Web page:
Nine (or so Heavily Qualified) Circles ov…2021: A Mid-Year Report

2021 mid-year report

Wait…so the guy who only wrote a total of 10 freakin’ reviews this year thinks he has any weight when it comes to a mid-year report? Well, uh…I guess that’s why I put the “heavily qualified” in the title of this post?

But seriously, I’ll be the first to admit that metal hasn’t really been my #1 go-to when it comes to music lately, but like everything else, what you see on the Internet never tells you the whole story. I haven’t been writing nearly as much about the genre lately, but I have been listening. Listening, and refining. Finding the things that really resonate despite the press and the push of PR, or what the pundits tell you on the 1,001 other sites out there scrambling for clicks. And what I’ve discovered is that more and more I’m coming to the sounds that drew me to the genre: thrash riffs, lots of melody, and tasty solos. So yeah: expect some old school bands putting out great records more than 30 years into their existence here. And maybe a few newer bands as well.

Is that qualified enough for ya? Then let’s dig in.

I don’t know if anyone needs to carry the torch for Testament, since they’re still moving along quite nicely, but Angelus Apatrida give off some really heavy classic Testament vibes on their self-titled seventh album. Tracks like “Indoctrinate” and “Bleed the Crown” are ripe with chugging riffs and harmonized licks that whiplash at a furious tempo. Solos are spirited and plentiful: check out the break on “The Age of Disinformation” and if you aren’t convinced Angelus Apatrida are keeping the thrash moment invigorated then you probably have pebbles in your shoes, I don’t know.

Celestial Sanctuary - Soul Diminished

Sometimes you just want your death metal decidedly old school. Give me some chainsaw guitars that owe their allegiance to Boss pedals, vocals that sound like they’re creeping up from a murky sewer, and groove that wasn’t this prominent since the early 90s. Celestial Sanctuary have soaked all this up and let it bleed forth on Soul Diminished, and I am 100% here for their gloom and doom death metal that refuses to acknowledge any gain setting lower than 11. The mid-paced muck of the title track is currently a personal favorite, and the drums on this thing just sound MASSIVE.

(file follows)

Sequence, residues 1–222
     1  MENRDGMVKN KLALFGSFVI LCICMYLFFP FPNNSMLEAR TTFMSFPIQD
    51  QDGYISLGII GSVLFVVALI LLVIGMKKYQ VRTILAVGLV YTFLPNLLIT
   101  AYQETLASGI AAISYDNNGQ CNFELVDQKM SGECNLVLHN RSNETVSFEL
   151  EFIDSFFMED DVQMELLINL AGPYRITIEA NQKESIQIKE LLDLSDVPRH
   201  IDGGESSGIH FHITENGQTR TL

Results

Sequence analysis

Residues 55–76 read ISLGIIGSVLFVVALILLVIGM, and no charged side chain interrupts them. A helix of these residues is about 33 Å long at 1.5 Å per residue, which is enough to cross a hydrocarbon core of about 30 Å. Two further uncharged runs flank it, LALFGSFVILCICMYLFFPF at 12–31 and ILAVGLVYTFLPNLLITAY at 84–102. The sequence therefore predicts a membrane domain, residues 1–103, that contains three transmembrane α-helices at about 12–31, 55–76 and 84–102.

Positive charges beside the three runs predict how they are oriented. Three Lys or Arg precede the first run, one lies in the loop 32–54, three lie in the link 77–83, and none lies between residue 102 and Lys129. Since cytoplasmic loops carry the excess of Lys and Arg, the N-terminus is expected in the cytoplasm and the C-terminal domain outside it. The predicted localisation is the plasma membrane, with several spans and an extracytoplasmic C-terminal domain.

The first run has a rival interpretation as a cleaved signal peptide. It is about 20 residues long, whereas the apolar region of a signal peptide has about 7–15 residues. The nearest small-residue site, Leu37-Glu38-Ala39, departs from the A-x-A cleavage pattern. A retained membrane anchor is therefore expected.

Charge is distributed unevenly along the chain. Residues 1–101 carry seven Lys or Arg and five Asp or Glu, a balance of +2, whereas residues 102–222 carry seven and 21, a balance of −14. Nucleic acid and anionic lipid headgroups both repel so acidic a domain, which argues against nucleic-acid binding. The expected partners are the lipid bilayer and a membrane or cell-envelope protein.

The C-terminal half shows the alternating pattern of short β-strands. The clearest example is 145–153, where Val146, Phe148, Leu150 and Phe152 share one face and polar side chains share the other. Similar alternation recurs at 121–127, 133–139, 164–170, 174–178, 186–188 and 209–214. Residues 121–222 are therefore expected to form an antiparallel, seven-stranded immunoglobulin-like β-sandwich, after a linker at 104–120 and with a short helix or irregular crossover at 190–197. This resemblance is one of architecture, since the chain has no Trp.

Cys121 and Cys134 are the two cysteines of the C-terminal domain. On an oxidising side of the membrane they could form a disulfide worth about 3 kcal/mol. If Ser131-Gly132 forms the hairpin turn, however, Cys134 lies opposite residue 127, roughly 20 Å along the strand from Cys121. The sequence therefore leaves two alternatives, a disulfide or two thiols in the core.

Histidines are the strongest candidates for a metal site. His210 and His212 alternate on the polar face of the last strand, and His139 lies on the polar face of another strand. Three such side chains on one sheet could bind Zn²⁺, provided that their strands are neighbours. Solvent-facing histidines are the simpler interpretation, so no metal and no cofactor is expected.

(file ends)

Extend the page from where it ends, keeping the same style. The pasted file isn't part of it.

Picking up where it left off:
cryptosis - bionic swarm

I didn’t get clued into Cryptosis (or their previous incarnation as Distillator) until editing Buke’s interview with bassist Frank te Riet that I got hip to what was being put out on Bionic Swarm. And that is a razor sharp blend of thrash and progressive death metal with doses of symphonic black metal subtly (if that’s even possible) sprinkled into the mix. There’s enough start and stop riffage on tracks like “Prospect of Immortality,” “Conjuring the Egoist” and “Transcendence” to induce carpal tunnel in stay-at-home-guitarists trying to capture the feel of what the band is effortlessly laying out there.

Did you think this wasn’t going to be on the list? Do you know me at all??? I mean, it’s one of the 10 reviews I wrote this year, so we’ll leave it at that.

I know I really like something when before even finishing my first listen of an album I’m racing to make sure I can secure a vinyl copy before the first pressing sells out. Such was the case with Har, the second full-length from Romania’s Dordeduh, made up of the remnants of the once mighty Negura Bunget. I guess you can call this progressive black metal, with folk and psychedelic elements woven into the fabric of the songs. I call it stunning: the production allows every aspect fo the instrumentation to stand out, and the blend of styles feels completely cohesive and seamless. Opening track “Timpul Întâilor” leads the way for a truly outstanding progressive metal album that – yes – I did manage to snag a vinyl copy of, thank you very much.